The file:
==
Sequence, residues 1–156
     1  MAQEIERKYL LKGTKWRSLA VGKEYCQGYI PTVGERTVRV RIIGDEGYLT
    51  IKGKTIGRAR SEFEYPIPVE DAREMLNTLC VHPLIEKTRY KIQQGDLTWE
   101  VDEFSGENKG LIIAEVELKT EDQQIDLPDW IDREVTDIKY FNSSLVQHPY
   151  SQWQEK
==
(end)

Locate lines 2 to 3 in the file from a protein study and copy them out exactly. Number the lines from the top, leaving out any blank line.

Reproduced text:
     1  MAQEIERKYL LKGTKWRSLA VGKEYCQGYI PTVGERTVRV RIIGDEGYLT
    51  IKGKTIGRAR SEFEYPIPVE DAREMLNTLC VHPLIEKTRY KIQQGDLTWE